The CircleRoute in Perth, Australia, does this reasonably well. It is a circumferential route in the middle-ring suburbs connecting all 6 of the suburban rail lines, with minimum all day frequency of 15 mins (equal to the minimum rail frequency) Connections are well timed.
    https://en.wikipedia.org/wiki/CircleRoute

  4. Nathanael

    I think they’re trying a few in the Toronto suburbs. The radial rail lines to the west intersect grid-like north-south roads.

  5. FDW

    A good example of such an orbital route in a San Francisco context would be the 44 O’shaughnessy. If San Francisco had a proper radial subwas, it would connect to all of them. Another example, in a Seattle context would be the 560, which will eventually connect with 4 of Seattles radial corridors.

    • Alon Levy

      If SF had proper radial subways, they’d run every 4 minutes, so there wouldn’t be much point in timed connections. This is specifically something for suburban buses.

      • FDW

        I’d agree with you on that in SF, and the one that do exist RN were providing that level of frequency pre-covid. The 560 in Seattle is more like what you’re describing: it connects West Seattle to Bellevue via Burien, Sea-Tac, Renton, and I-405. It connects to Cental Link, and will connect to East Link and West Seattle Link in the future, and Sound Transit is planning on major upgrades for its corridor in the near future. Of note, the 560 is one of the routes Sound Transit took from Metro, and its predecessor went all the way up I-405 to serve Bothell, Kenmore and Shoreline.

  6. F-Line to Dudley

    Brockton bus coordination with adjoining rail lines is mainly limited by which town are full- vs. partial/barely dues-paying members of the BAT bus district. Stoughton’s a full member, so the #14 gets par schedule slate to any of the intra-Brockton locals. The Westgate Mall sojurn, which I’m very familiar with, is a bit too meandering and could be streamlined significantly for less clock chew. But other than that it’s a pretty damn good, taut, and very well-patronized route. By legacy quirk of BAT’s ancient lineage as a street railway the Ashmont bus through Avon/Randolph is full-scheduled (and actually beats the pants off M’boro Line commuter rail on the midday off-peak when train schedules are uselessly gapped out but the buses make great time in very little MA 28 traffic). Though Asmont’s got some weird legacy cruft in stop selection where it overlaps the MBTA bus district. It ends up easier to ride the whole way into Ashmont than try to catch the Mattapan trolley in Milton because of paper barriers sometimes/inconsistently enforced.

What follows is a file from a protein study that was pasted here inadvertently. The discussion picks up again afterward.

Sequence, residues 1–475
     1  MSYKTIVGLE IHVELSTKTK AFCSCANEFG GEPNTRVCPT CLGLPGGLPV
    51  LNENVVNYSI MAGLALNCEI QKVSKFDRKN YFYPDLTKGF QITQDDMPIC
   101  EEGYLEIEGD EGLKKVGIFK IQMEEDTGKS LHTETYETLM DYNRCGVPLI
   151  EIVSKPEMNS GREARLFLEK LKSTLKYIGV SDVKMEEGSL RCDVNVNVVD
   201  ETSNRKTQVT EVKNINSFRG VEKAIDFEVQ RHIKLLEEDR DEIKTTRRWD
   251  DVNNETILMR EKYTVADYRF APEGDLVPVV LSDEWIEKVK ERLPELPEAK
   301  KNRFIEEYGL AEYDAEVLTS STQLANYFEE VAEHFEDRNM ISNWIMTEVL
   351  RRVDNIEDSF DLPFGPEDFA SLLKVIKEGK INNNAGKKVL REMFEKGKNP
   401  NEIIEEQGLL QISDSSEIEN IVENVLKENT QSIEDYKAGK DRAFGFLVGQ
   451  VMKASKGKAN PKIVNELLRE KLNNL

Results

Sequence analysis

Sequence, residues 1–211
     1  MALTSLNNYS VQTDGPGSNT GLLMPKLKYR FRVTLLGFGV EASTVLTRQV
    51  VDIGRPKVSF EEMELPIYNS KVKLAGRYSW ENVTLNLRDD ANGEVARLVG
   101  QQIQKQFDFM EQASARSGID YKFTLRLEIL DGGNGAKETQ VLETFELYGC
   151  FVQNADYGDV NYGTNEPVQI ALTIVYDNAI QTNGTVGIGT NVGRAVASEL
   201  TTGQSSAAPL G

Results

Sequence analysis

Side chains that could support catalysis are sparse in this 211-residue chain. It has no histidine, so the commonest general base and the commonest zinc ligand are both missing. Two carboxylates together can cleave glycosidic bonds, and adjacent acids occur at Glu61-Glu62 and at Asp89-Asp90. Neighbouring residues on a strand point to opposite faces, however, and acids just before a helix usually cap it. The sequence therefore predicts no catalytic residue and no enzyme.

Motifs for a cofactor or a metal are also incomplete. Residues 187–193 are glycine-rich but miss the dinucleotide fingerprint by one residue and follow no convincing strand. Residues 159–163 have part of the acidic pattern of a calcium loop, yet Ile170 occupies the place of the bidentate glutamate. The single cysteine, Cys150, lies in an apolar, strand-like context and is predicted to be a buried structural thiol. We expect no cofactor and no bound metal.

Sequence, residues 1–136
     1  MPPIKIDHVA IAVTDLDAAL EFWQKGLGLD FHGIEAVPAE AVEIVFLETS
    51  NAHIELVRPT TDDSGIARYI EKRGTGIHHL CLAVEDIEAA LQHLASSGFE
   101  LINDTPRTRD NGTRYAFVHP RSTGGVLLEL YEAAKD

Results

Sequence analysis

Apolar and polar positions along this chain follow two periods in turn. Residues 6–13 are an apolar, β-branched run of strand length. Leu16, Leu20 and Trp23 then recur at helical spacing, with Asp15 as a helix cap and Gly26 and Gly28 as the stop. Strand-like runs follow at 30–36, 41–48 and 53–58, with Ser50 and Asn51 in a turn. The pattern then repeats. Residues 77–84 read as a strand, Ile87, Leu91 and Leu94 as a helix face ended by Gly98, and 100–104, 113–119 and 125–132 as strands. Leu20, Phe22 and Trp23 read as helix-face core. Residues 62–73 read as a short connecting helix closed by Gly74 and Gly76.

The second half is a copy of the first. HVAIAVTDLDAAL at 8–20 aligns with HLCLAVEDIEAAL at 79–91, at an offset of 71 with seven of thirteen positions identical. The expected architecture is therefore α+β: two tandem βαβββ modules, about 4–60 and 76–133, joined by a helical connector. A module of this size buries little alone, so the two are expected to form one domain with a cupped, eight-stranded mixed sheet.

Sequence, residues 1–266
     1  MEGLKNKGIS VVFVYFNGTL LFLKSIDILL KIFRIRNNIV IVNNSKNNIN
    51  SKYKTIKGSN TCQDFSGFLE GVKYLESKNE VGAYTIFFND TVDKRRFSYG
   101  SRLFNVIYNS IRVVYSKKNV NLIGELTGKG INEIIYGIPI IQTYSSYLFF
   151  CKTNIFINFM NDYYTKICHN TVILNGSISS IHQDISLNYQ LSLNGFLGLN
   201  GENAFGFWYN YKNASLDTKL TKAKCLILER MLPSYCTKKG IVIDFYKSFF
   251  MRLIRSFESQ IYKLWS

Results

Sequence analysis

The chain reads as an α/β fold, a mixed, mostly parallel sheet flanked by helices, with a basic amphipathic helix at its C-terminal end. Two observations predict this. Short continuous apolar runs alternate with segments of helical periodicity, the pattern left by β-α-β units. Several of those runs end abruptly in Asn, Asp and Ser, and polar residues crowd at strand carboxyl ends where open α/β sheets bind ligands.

Polar opposite famine story when you’re talking Abington, which only subsidizes barest tokenism bus service. The local out of downtown turns at the Walmart parking lot a few feet over the Abington town line; it’s functionally just another intra-Brockton bus. Shame because the #5 is one of the most heavily-patronized of all for hitting the big hospital right before the town line. The Rockland Flex only runs 7 daily round-trips to 4 stops in Abington/Rockland requiring a transfer from the #5 local at either Brockton Hospital or Walmart because Flex doesn’t even run to downtown. Plymouth Line linkage is thus functionally nonexistent because Abington won’t even pay in enough to run their near-useless bus in the extra 2 miles to BAT Center. Nothing whatsoever touches Whitman. West Bridgewater and Bridgewater are well-covered by campus shuttles that the general public can ride easily enough, but since Bridgewater State U. is the one ponying up for the subsidy and not the towns the integration with BAT is coincidental at best. Those routes should be full-on folded into the BAT system. Moreover, I think you’ve got a great case for reinstating the North Abington stop on the Plymouth Line that the state passed over in the ’97 restoration because there’s 2 intracity BAT routes (#10 and #11) that can easily be reshaped or augmented to shoot full service down Chestnut St. over the 3-mile straight line to that density-serving stop location. But you need to first solve for Abington’s meager self-funding capability.